Challenge - promote deeper thinking, elaboration and integration
How we know our curriculum is successful
We measure the impact of our curriculum in a range of ways. This is done consistently during lessons to highlight misconceptions and intervene. We assess children's learning in all subjects at the end of each block of work through the use of NTS (National Test Styled Standardised) assessments or low stake retrieval quizzes in foundation subjects and reflections on ‘learning questions.’ This gives our children the opportunity to apply their knowledge to a carefully planned open ended question to demonstrate whether they have retained the required knowledge or skills.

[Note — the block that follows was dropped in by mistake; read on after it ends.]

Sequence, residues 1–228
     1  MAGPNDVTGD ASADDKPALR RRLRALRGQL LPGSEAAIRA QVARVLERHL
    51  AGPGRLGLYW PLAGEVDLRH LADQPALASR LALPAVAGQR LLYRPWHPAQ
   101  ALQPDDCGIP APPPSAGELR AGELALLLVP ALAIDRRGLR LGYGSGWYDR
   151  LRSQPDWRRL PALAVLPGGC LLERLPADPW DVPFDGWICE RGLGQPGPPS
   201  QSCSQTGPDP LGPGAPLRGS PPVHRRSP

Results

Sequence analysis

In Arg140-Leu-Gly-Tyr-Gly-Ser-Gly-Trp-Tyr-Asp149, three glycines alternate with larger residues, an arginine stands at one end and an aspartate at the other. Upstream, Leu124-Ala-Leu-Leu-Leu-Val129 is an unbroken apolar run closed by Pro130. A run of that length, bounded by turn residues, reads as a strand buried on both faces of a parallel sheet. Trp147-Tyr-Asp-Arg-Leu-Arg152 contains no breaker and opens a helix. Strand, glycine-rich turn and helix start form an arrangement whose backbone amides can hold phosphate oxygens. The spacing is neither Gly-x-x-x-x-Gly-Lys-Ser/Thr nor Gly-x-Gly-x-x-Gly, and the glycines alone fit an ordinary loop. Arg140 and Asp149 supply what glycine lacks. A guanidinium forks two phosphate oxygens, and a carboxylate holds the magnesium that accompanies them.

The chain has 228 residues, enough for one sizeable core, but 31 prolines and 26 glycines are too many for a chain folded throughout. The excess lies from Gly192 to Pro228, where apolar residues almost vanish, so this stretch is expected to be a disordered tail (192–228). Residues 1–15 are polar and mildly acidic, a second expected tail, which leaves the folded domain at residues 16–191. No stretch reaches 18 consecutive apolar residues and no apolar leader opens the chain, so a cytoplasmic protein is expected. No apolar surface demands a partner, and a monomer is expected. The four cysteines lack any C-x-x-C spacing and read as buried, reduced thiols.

This use of a range of methods is important to our teachers as it is to assign our children an arbitrary grade or level but more so to simply identify what knowledge they have retained to memory and what they do not yet know. This is achieved through careful QLA (Question Level Analysis) to identify future teaching. This information, along with outcomes produced during lessons is used to evaluate children’s learning in the form of a summative teacher assessment.